Exosomes are membrane-encapsulated particles typically ranging from 20 to 120 nm in size and contain multiple macromolecules, including proteins, mRNA and miRNA. They have also recently been reported to contain DNA. A number of surface proteins are found exclusively in exosomes.
According to this hypothesis, cells secrete exosomes that are loaded with distinct sets of miRNAs. Exosomes can travel through the bloodstream and fuse with target cells, thereby delivering their miRNA load. Stoorvogel et al. provides proof of principle that, after being transferred by exosomes, miRNAs can repress mRNAs in target cells. Figure adapted from Stoorvogel et al. 2012, Blood 119 (3): 646.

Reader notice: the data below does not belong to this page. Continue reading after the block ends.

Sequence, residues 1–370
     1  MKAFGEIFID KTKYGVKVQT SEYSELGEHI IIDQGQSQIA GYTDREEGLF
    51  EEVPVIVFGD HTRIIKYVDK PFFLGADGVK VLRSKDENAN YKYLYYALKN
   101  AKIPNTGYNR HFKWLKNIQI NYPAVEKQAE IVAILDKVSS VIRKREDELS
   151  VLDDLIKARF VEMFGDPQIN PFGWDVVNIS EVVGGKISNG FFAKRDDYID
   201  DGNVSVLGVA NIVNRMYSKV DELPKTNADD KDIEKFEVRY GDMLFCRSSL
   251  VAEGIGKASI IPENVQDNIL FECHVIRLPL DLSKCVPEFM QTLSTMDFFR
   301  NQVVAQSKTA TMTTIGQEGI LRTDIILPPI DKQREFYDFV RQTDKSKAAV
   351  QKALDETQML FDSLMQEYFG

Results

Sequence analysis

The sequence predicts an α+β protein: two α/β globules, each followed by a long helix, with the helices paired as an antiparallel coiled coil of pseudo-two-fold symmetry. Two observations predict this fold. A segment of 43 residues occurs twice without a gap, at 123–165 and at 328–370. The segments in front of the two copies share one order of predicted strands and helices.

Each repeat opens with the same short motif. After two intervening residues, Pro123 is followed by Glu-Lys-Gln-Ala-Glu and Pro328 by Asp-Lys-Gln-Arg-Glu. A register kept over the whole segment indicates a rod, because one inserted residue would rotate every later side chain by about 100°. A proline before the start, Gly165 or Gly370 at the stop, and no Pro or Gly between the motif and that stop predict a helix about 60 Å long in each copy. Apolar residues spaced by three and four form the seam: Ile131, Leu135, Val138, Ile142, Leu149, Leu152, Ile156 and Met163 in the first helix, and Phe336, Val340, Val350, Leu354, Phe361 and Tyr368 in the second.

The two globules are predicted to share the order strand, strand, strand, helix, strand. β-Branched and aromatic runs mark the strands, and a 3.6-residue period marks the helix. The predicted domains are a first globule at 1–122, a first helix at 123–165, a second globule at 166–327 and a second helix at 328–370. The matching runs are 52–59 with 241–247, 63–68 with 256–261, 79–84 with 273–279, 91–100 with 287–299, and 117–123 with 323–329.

NanoSight measurements of pelleted exosomes from serum and discarded supernatant demonstrates a very high recovery of the exosomes.
NanoSight measurements of pelleted exosomes from cell-conditioned media and discarded supernatant demonstrates a very high recovery of the exosomes
NanoSight measurements of pelleted exosomes from urine and discarded supernatant demonstrates a very high recovery of the exosomes.
Using an exosome isolation kit results in increased call rate from depleted samples and allows greater sample starting volumes. For direct RNA extraction, 200 µl of urine from a healthy individual was used as the starting material for RNA purification. In comparison, greater miRNA qPCR call rates were observed when increasing volumes of urine was subjected to exosome enrichment using the miRCURY Exosome Kit – Cell/Urine/CSF, prior to RNA extraction.